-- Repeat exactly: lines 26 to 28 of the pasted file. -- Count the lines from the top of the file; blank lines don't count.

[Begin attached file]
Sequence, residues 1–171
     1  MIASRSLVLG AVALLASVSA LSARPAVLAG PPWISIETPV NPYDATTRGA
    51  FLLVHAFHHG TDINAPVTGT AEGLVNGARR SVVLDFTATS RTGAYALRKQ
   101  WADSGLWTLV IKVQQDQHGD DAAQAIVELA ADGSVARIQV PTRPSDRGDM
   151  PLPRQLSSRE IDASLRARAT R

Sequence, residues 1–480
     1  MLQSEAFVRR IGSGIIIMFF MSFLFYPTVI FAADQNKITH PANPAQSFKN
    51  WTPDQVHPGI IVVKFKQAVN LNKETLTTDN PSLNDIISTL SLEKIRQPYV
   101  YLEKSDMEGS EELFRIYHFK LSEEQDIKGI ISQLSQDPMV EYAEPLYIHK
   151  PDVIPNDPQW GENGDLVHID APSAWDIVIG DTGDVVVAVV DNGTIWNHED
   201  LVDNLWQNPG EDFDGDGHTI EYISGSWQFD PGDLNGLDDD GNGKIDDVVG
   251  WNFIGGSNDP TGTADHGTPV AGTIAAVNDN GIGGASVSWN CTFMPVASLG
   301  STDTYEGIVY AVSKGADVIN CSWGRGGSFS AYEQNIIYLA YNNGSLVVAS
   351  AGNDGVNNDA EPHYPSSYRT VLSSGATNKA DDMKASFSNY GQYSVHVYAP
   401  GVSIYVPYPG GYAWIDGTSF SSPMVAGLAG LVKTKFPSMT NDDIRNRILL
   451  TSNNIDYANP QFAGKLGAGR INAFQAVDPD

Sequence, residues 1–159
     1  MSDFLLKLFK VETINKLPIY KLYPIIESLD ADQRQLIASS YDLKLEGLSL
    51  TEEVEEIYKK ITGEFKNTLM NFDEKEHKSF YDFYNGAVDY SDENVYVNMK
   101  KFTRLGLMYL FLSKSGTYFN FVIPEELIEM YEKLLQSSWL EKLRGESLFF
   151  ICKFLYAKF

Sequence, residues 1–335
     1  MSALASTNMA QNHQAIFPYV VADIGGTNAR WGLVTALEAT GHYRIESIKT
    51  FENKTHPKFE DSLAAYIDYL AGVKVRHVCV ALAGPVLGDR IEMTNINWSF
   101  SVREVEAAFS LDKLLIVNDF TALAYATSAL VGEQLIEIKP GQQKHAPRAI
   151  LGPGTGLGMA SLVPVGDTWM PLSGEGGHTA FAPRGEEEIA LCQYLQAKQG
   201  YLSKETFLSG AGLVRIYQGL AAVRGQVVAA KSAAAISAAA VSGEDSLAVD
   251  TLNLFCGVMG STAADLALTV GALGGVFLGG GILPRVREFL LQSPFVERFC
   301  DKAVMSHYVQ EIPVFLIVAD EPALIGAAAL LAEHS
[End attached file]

   151  LGPGTGLGMA SLVPVGDTWM PLSGEGGHTA FAPRGEEEIA LCQYLQAKQG
   201  YLSKETFLSG AGLVRIYQGL AAVRGQVVAA KSAAAISAAA VSGEDSLAVD
   251  TLNLFCGVMG STAADLALTV GALGGVFLGG GILPRVREFL LQSPFVERFC